“We wanted to take care of our teams, and we knew our players best,” said Dr. McCarty. “It wasn’t appropriate, nor in our patients’ best interest, to ask another doctor to step in simply because we lacked the visiting state’s licensure.”

A solution was needed that did not force physicians to choose between treating injured athletes at great professional and financial risk or handing over care to less familiar providers.

Seeking a solution at the state
and federal levels

In 2013, AAOS, in collaboration with AOSSM, set out to find a legislative answer to the all-too-common problem. The initiative involved recruiting physicians to advocate for licensure clarity at both the state and federal levels.

“Half the battle involved educating policymakers on why licensure clarity mattered, because obtaining and maintaining licensure in each state constituted an excessively high administrative and cost burden,” said Wilford K. Gibson, MD, chair of the AAOS Council on Advocacy. “The other challenge involved advocating for legal protection, while respecting individual state licensing rules and regulations.”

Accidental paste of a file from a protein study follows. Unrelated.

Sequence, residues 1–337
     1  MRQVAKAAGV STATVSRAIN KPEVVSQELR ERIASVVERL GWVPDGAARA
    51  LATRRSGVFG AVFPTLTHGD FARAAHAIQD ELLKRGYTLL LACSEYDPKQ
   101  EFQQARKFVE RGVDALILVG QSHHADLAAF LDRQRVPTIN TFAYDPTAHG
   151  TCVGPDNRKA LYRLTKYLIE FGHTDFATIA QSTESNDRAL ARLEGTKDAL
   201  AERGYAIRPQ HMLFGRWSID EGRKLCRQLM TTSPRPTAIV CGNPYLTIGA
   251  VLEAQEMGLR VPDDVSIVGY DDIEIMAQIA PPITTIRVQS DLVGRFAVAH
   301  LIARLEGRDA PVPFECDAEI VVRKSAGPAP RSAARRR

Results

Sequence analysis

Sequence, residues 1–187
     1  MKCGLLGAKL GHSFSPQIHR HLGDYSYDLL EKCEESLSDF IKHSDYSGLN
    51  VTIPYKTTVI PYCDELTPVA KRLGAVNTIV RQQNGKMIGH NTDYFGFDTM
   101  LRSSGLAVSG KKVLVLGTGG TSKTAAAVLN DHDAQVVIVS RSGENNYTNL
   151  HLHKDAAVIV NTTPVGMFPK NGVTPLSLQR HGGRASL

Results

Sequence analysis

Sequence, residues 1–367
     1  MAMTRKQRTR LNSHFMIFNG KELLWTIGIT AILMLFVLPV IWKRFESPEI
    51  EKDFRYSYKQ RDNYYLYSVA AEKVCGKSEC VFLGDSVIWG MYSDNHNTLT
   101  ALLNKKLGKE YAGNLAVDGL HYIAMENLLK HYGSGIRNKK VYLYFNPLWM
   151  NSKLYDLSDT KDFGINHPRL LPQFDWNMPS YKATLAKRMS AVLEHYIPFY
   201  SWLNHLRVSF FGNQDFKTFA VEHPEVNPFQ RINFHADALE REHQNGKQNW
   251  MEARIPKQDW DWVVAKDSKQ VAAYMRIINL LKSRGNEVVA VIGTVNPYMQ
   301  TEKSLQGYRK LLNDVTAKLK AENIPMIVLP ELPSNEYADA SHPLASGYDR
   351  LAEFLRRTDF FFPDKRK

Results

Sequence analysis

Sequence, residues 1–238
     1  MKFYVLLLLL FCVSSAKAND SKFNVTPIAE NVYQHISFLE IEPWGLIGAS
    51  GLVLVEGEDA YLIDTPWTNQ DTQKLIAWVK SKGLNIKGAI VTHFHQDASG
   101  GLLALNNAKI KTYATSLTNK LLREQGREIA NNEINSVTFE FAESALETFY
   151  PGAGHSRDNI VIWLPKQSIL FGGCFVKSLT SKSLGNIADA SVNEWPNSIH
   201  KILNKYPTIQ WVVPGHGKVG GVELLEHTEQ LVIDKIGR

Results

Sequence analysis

Using informational toolkits and grassroots advocacy, AAOS and AOSSM members across the country began engaging state legislators and encouraging them to pass licensure clarity legislation. More than 12 states, including Texas and New York, have successfully adopted laws since the initial push.

At the federal level, medical societies began building a coalition of bipartisan supporters. The work involved securing original cosponsors for the legislation and coordinating with AAOS Congressional Ambassadors to meet with and garner the support of key members of Congress.

A first iteration of the bill was introduced in 2013 (H.R.3722). The current version was introduced four years later in the House of Representatives (H.R.302) by Reps. Brett Guthrie (R-Ky.) and Cedric Richmond (D-La.) and in the Senate (S.808) by Sens. John Thune (R-S.D.) and Amy Klobuchar (D-Minn.).

The legislation ensures that traveling team doctors can appropriately care for their athletes without risking unjust legal or financial penalties. It mandates that liability insurance of a medical professional treating a team in a secondary state should cover that person (subject to premium adjustments) as if treatment was provided in the primary state. Additionally, if two states do not currently have an agreement to provide licensure reciprocity, the provider is to be treated as if practicing in the state in which he or she is licensed.